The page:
I worried that Luigi LoCascio, the super serious and ernest actor, might become a director that’s a little too serious and ernest. I told Brian and Lauren that I couldn’t promise that La Citta’ Ideale would be any good and they didn’t even come with me, but I couldn’t have been any more in error; La Citta’ Ideale was fantastic.
Lo Cascio’s first stab at directing is a family affair; he plays the protagonist, his uncle Luigi Maria Burruano plays one of his lawyers (he kept firing them), and his mother is played by Aida Burruano, Lo Cascio’s real mother, who by the way, stole the show. In my favorite scene, she helps her son prepare for his trial with an authenticity that maybe only a real mother could pull off.
Luigi plays a man who moves from his native Palermo to the city he considers ideal, Siena. He’s an architect who is extremely green and has been trying to live without electricity and running water for a year, collecting rain water on his roof, leaving his drivers’ license unused, and generating electricity with a stationary bike. Showering with cold rain water and getting a little cardio to make his shaver work makes him very happy, even if his friends and coworkers consider him an annoying ball buster.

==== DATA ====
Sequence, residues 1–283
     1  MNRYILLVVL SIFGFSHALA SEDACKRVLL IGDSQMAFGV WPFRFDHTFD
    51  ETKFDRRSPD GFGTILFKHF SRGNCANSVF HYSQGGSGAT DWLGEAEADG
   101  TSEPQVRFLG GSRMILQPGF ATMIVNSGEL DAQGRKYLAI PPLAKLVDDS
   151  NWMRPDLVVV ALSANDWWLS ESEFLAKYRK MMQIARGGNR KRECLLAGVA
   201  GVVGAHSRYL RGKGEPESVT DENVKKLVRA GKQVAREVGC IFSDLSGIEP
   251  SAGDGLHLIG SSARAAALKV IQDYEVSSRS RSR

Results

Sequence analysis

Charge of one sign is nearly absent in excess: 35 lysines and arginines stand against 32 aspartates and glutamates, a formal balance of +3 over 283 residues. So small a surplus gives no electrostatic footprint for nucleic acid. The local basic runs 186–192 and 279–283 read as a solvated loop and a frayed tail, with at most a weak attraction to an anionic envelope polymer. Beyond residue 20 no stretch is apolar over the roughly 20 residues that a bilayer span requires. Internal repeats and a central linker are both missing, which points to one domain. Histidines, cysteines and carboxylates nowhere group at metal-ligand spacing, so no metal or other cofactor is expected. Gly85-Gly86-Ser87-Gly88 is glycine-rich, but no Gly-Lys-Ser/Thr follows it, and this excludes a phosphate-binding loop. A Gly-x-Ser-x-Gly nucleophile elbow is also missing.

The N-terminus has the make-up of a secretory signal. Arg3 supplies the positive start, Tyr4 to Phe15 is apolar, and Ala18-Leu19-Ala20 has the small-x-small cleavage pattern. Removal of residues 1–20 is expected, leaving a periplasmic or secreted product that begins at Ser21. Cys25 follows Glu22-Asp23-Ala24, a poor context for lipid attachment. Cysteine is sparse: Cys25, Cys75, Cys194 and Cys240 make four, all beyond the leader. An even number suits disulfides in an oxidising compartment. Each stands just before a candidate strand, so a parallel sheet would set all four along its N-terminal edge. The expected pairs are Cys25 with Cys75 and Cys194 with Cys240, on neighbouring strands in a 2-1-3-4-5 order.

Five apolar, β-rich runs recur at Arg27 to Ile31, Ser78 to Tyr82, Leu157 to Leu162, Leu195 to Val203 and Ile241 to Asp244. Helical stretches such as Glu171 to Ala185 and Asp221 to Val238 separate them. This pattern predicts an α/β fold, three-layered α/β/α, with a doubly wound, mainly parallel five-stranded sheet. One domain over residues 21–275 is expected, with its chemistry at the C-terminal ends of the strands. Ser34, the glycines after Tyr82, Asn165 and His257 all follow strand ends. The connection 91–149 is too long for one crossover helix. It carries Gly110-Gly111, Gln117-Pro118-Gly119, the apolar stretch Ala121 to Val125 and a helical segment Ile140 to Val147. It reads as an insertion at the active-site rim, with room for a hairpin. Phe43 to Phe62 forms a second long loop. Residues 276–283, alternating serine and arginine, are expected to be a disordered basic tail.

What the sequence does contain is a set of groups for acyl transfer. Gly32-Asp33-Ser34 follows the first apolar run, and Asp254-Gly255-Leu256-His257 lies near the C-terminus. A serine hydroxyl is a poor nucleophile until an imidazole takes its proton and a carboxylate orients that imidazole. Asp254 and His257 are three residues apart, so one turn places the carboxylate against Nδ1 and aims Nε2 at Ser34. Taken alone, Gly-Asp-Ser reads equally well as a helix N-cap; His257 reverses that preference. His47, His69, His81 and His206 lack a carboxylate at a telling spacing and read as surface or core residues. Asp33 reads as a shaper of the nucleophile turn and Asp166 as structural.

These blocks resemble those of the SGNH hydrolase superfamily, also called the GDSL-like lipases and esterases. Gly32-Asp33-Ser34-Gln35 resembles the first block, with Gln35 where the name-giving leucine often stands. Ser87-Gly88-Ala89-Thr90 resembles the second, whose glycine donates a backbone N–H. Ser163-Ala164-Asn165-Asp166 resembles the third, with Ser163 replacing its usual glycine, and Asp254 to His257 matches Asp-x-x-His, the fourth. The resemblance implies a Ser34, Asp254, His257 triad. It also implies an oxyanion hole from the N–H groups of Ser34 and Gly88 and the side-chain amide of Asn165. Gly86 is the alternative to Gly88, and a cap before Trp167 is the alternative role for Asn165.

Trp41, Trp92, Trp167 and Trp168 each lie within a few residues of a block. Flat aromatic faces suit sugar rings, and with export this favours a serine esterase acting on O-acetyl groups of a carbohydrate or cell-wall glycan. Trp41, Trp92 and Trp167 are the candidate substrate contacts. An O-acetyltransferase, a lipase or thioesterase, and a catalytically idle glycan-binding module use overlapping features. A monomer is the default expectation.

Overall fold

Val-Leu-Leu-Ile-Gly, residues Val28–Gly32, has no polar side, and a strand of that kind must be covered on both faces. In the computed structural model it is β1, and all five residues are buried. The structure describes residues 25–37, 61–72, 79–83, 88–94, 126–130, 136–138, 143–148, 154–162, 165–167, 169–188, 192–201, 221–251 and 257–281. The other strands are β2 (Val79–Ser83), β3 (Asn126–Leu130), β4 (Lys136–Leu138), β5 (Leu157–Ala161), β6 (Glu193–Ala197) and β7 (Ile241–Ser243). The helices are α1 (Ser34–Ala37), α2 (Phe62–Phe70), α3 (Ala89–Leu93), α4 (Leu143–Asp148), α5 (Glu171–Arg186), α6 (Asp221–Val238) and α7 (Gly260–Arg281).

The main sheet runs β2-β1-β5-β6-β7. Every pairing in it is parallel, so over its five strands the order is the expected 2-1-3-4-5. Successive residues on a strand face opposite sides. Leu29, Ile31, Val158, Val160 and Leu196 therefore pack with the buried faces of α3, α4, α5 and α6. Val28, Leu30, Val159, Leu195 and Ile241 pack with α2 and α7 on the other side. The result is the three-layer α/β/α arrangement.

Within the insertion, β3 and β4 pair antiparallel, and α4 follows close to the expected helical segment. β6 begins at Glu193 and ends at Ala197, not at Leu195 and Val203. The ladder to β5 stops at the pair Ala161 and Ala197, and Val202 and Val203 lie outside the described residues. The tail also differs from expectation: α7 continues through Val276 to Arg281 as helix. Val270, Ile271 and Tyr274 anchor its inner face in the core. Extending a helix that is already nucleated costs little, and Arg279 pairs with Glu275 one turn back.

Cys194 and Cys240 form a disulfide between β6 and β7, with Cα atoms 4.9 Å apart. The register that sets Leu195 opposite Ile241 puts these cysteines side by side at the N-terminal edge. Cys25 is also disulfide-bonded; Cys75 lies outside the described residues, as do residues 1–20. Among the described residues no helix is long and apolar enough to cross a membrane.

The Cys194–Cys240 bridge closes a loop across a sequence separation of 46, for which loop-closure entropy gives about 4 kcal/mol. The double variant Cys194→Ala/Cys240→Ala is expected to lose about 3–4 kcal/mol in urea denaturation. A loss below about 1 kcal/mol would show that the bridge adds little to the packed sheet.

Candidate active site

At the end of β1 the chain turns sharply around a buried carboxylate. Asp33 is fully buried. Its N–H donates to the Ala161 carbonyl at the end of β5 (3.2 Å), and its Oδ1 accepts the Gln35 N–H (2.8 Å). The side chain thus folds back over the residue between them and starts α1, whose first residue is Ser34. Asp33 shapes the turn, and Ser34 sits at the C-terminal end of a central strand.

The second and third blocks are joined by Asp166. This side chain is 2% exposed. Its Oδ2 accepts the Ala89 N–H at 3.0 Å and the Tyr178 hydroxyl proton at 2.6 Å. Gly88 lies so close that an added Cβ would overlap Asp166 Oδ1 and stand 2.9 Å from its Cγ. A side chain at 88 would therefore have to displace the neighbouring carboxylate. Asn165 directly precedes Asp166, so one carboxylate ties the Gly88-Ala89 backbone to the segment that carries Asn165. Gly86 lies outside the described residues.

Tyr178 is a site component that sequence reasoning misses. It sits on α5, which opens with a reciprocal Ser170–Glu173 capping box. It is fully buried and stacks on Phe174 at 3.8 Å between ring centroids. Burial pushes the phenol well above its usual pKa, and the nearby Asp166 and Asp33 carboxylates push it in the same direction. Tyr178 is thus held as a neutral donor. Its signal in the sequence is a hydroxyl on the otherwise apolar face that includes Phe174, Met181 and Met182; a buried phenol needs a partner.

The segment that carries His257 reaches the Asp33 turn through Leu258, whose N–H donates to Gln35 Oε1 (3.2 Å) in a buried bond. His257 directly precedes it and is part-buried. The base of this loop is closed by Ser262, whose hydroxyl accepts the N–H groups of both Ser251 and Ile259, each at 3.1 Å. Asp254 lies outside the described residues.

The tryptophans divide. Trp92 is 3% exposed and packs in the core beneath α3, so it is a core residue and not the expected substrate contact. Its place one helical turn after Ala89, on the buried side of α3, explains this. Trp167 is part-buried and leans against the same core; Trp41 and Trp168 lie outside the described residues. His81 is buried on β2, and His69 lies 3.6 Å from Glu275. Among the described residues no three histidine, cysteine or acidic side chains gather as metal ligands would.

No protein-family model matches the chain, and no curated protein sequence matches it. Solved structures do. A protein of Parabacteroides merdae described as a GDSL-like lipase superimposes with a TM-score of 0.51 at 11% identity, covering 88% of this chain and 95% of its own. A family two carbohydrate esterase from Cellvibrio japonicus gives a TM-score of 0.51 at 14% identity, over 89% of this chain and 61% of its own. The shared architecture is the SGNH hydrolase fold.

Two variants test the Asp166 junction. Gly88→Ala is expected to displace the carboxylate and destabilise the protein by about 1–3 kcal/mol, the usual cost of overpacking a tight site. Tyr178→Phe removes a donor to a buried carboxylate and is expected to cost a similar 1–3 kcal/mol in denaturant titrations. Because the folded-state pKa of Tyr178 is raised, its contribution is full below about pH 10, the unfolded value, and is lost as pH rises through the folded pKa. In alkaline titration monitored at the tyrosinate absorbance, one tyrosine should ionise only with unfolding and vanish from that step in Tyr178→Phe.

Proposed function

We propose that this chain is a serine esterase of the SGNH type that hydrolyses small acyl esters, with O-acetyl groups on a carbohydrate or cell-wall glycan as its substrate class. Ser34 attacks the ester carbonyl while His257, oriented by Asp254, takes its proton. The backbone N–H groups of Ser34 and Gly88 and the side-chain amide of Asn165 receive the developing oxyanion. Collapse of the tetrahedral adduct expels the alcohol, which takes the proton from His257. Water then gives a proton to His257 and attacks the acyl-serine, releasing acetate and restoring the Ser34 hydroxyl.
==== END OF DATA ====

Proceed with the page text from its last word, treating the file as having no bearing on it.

When, on the first night in eight years that he drives a car there’s an accident, or rather, a series of accidents, the ideal city turns on him, throwing him into a judicial system for which he is sorely unprepared; he’s too honest. While he’s only interested in the truth, everyone else advises him to invent one that better suits his circumstances. “The truth is like wind that flows into a box”, one lawyer tells him. When you open that box it never comes out the way it went in.”
La Citta’ Ideale is a surprising (sorry Luigi- I was surprised) roller coaster ride of anxiety, suspense, and laughter, and with it, Luigi Lo Cascio proves himself not only an amazing actor, but also an amazing director. Sorry I doubted you Luigi; this one’s a winner.